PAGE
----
India has the world's highest number of people without access to clean water, imposing a major financial burden for some of the country's poorest people.

According to the Water Aid, an international charity that strives to improve access to safe water, as well as hygiene and sanitation, there are 75.8 million people in India (that's 5% of the country's population) who are forced to either spend an average of 72¢to buy 50 litres of water a day, nearly 20% of their daily income, or use supplies that are contaminated with sewage and chemicals. The people of Britain spend around 10¢ a day for the same amount.

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Children play in water pipes at a construction site on the banks of the Yamuna River in the northern Indian city of AllahabadJitendra Prakash/ Reuters

Many people are forced to turn to an alternative in order to access water, due to the price or simply the issue of accessibility, but using dirty water comes with consequences and causes countless illnesses each year. There are about 315,000 children who die from diarrhoeal diseases each year, 140,000 of which occur in India. The much smaller countries of Papua New Guinea, Equatorial Guinea, Angola, Chad and Mozambique have also topped the list of areas with the highest population percentages lacking clean water. In Papua New Guinea, there are 4.5 million without access.

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Municipal workers clear dead fish from the Ulsoor Lake in Bengaluru, IndiaAbhishek Chinnappa/ Reuters
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A woman carries water from a rivulet, in a jug on her head for drinking, during World Water Day in Baramura Hills on the outskirts of AgartalaArindam Dey/ AFP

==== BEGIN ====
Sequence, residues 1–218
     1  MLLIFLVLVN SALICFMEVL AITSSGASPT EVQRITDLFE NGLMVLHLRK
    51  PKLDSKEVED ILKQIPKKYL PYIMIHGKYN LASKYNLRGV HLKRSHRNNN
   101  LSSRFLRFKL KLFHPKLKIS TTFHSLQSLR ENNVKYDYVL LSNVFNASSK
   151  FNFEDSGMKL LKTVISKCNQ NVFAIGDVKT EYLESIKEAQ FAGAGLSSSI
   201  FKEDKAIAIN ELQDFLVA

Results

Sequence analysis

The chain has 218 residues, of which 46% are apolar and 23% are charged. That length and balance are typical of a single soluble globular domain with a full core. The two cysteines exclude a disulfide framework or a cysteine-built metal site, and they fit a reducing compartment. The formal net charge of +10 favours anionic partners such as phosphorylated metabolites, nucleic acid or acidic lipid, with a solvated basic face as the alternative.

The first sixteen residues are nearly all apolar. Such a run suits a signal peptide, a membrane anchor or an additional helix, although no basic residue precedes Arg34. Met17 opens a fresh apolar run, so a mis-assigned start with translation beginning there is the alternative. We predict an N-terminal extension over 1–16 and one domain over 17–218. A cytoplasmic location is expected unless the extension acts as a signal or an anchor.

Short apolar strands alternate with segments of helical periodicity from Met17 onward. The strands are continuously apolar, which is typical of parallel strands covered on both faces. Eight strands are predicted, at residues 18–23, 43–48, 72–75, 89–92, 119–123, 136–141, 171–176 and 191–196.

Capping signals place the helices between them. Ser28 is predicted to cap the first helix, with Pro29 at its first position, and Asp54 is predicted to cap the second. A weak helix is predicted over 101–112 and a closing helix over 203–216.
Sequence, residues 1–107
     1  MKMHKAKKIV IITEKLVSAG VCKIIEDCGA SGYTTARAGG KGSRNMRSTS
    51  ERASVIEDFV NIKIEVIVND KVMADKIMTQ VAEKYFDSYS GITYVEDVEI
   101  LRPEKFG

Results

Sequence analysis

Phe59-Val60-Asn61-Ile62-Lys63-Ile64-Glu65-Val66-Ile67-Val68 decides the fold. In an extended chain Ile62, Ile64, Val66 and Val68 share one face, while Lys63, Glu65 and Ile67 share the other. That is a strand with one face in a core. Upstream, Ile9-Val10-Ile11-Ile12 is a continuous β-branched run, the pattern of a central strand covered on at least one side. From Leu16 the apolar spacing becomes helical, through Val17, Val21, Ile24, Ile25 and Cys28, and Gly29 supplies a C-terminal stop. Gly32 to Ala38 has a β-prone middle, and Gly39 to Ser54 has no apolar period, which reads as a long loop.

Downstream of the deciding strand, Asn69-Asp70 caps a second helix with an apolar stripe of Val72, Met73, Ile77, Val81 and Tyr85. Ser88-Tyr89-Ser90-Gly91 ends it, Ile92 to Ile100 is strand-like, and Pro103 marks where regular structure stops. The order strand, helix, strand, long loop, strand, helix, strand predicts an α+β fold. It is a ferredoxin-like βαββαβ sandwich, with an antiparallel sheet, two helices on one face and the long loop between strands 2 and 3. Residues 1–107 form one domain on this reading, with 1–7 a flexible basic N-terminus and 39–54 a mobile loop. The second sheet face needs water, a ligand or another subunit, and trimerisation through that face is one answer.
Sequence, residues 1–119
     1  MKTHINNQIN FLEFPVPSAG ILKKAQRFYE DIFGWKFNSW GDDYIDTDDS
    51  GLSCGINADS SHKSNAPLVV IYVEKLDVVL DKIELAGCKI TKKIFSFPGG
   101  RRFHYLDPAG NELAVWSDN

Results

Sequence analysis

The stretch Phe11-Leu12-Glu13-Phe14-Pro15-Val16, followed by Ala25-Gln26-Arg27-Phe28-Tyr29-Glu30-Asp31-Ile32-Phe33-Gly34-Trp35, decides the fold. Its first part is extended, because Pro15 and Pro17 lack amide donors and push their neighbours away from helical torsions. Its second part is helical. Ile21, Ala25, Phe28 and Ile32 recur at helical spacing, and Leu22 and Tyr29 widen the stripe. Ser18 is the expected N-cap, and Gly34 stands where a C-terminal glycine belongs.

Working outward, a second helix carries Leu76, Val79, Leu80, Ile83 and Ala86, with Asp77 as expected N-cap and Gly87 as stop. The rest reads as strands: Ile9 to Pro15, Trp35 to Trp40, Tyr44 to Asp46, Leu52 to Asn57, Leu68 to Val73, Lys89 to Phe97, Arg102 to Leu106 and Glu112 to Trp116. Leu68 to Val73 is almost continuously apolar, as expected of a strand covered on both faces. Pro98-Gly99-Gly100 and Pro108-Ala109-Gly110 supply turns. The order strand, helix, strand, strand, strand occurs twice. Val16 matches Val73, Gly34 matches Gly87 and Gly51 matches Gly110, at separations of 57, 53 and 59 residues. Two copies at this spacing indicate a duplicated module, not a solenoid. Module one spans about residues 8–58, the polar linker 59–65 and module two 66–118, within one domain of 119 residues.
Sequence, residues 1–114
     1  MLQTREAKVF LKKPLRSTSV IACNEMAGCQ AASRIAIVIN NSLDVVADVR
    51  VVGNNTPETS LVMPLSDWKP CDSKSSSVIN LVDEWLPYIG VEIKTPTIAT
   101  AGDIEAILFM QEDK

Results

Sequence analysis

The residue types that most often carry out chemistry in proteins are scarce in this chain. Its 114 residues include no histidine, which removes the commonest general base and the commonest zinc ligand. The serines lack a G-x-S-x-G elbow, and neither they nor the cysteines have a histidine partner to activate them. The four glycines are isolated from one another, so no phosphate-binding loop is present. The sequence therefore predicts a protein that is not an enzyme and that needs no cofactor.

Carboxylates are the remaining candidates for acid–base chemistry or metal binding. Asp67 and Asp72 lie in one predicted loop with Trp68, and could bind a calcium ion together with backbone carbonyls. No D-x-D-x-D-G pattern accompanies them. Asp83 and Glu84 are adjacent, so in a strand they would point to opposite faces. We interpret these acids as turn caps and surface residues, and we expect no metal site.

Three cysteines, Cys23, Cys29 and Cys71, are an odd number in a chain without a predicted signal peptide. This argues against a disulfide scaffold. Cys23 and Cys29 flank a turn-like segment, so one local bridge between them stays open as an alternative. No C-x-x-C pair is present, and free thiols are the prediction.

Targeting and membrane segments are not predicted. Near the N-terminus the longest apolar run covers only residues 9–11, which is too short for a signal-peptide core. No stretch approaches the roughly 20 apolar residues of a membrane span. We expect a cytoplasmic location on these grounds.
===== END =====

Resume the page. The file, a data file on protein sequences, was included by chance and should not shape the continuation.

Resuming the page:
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Children collect drinking water in flood waters in Jagi in India's state of AssamJayanta Shaw/ Reuters
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Hindu priests use a net as they strain water from rice as they prepare food after performing a ritual at the Sangam, the confluence of the rivers Ganges, Yamuna and mythical Saraswati in AllahabadSanjay Kanojia/ AFP
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Residents with their empty containers crowd around a municipal tanker to fetch water in New Delhi, IndiaAnindito Mukherjee/ Reuters

"Poor management of water resources is the biggest problem holding India back," the report said. "Misappropriation in planning and execution of water supply projects is another key factor. And projects often use inadequate sources, or pipelines do not reach habitations."

India already faces chronic water shortages and drought, as rivers become increasingly polluted and groundwater reserves rapidly decline thanks to the unchecked use of water pumps by farmers and villagers. The problem is set to worsen as global temperatures rise and rain becomes more erratic with climate change. Within 15 years, the country is expected to have only half the water it needs to meet competing demands from cities, agriculture and industry.

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Children play in the damaged Munak canal, that supplies three-fifths of the water to Delhi, in Sonipat in the northern state of Haryana, IndiaCathal McNaughton/ Reuters
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People fill water in their containers from a municipal tap in New Delhi, IndiaAnindito Mukherjee/ Reuters
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A worker douses a pyre with water from river Ganges at a cremation ground on the banks of the river in the northern Indian city of VaranasiArko Datta/ Reuters
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School children take part in an awareness rally held to mark World Water Day in Hyderabad on International Water DayNoah Seelam/ AFP